Senate Majority Leader Mitch McConnell, R-Ky., is attempting to keep expectations in check for the success of the bill to repeal and replace Obamacare, according to The Hill.
McConnell has said he will bring the bill to the Senate floor for a vote, but has not promised that he can get at least 50 of the Republicans in the Senate to back the bill.
"Mitch has been very clear in our conference, and that is there will be a bill and we will be voting on it. He hasn't gone beyond explaining that," Sen. Dean Heller, R-Nev., said in The Hill’s report.
Republicans in the Senate are using special budget rules for the passage of the bill, so they need 50 votes out of the 52 Republicans in the Senate. However, McConnell said Wednesday in a Reuters interview that he is not sure "at the moment" that he can get 50 votes for the bill.
"I don't know how we get to 50 at the moment. But that's the goal. And exactly what the composition of that (bill) is I'm not going to speculate, because it serves no purpose," McConnell said in the interview.
"I don’t know why he's doing media on it but he might be lowering expectations," one GOP senator told The Hill.
The Senate leader is "just being realistic," Sen. John Boozman, R-Ark., said in The Hill’s report.
"It's a challenge any time you're trying to get a consensus on a complex issue when you have to get 50 of 52 votes," Sen. Lamar Alexander, R-Tenn., said, according to The Hill.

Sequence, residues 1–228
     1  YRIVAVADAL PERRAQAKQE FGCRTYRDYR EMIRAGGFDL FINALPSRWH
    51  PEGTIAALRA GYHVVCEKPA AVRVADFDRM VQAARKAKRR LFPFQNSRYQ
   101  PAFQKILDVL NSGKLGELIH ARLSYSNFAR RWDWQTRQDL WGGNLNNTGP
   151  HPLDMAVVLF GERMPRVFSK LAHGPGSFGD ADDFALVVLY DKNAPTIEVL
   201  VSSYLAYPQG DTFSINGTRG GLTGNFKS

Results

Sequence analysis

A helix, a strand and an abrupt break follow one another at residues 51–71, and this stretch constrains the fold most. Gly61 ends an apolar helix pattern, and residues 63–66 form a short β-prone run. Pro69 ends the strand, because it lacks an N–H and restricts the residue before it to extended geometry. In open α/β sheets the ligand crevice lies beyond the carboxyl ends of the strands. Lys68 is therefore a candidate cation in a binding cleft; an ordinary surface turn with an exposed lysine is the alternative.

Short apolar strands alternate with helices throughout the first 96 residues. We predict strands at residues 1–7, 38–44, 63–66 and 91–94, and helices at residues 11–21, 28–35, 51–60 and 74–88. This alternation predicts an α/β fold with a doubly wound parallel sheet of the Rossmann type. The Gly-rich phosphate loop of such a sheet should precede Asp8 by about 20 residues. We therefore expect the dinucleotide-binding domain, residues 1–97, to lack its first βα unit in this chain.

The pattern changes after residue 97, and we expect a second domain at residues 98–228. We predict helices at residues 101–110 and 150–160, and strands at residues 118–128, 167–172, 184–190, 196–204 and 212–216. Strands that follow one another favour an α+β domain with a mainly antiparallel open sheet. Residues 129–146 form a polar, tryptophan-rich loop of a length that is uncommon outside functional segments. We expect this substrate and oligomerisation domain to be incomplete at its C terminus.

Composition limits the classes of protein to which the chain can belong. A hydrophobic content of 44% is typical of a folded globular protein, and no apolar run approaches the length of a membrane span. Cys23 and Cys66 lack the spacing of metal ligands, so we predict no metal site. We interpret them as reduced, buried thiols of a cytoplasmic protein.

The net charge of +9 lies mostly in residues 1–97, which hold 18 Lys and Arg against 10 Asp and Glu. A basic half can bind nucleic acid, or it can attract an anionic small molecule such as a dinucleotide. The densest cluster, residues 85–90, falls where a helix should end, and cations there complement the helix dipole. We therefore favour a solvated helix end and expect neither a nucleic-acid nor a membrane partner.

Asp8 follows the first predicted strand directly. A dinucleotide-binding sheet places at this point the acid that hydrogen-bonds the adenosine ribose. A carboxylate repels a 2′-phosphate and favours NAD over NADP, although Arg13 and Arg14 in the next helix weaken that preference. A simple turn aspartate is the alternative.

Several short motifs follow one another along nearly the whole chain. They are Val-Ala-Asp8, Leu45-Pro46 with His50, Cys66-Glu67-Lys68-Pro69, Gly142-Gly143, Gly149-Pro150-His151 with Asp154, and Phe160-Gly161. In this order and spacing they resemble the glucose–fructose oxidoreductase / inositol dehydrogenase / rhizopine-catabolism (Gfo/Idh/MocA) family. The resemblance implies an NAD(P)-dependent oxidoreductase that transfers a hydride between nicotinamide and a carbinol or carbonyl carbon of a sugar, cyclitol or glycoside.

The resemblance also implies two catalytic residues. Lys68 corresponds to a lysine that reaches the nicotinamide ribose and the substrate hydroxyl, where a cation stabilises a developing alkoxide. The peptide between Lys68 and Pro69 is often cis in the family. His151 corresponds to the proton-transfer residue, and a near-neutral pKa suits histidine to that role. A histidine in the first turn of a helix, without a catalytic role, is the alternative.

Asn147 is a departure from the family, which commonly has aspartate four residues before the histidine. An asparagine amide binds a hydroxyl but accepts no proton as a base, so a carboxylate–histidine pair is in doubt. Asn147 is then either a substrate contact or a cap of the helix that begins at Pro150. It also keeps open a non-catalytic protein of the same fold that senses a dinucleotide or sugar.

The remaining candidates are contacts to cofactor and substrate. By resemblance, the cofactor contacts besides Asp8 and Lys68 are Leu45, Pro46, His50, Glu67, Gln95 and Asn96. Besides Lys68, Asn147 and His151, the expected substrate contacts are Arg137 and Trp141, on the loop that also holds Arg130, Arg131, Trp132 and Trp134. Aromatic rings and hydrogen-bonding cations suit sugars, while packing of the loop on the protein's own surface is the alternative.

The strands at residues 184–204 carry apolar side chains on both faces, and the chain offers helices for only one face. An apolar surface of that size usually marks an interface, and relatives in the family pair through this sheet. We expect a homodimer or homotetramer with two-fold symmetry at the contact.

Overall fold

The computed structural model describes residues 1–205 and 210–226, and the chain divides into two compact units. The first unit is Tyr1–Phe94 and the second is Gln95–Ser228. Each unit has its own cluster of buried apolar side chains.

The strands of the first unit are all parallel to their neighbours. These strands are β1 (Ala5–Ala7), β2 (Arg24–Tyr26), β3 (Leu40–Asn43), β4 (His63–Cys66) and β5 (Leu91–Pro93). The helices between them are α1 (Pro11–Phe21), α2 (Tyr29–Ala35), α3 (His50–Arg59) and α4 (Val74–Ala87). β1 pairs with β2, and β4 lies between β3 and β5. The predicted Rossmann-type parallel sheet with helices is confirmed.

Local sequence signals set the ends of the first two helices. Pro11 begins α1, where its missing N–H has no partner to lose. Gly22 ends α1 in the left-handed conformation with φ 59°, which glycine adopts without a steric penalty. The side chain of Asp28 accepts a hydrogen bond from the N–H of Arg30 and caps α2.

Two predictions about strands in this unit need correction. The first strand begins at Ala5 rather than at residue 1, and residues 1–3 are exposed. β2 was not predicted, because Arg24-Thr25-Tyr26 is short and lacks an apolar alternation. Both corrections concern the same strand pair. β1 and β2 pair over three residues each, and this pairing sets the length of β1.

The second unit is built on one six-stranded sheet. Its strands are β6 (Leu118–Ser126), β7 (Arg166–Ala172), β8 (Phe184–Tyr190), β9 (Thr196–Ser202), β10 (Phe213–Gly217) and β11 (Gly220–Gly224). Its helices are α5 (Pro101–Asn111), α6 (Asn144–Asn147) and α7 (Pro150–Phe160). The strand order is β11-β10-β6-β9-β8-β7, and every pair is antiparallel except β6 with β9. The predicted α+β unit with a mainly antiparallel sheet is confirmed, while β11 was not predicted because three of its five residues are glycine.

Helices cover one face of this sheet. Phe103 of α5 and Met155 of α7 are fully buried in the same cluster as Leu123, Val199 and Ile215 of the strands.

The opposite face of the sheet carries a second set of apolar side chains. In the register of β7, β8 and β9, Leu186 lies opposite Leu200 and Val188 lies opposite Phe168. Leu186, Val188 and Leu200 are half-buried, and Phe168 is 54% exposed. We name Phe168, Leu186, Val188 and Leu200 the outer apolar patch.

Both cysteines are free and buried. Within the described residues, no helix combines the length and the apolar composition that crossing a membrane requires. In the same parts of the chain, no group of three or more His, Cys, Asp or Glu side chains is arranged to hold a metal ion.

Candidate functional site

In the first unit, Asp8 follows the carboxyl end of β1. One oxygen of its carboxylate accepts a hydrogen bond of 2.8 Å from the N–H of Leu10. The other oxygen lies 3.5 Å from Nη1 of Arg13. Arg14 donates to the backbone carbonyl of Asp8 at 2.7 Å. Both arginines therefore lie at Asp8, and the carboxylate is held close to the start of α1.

The House's American Health Care Act bill that passed earlier in May cannot pass in the Senate, Senate Republicans have said, according to The Hill.
The Congressional Budget Office’s score points to issues that moderate Republicans have with the bill, including leaving 23 million more people uninsured by 2026 than Obamacare and raising premiums for older Americans, The Hill report said.
If the Senate bill adds subsidies for older Americans, he could lose the vote of conservative Sens. Rand Paul, R-Ky., Ted Cruz, R-Texas, and Mike Lee, R-Utah. If the bill does not address that issue, moderate leaning senators such as Sen. Rob Portman, R-Ohio, would be at risk, the report said.
Republicans appear to be more in sync over changing the tax code than in overhauling healthcare, according to The New York Times.
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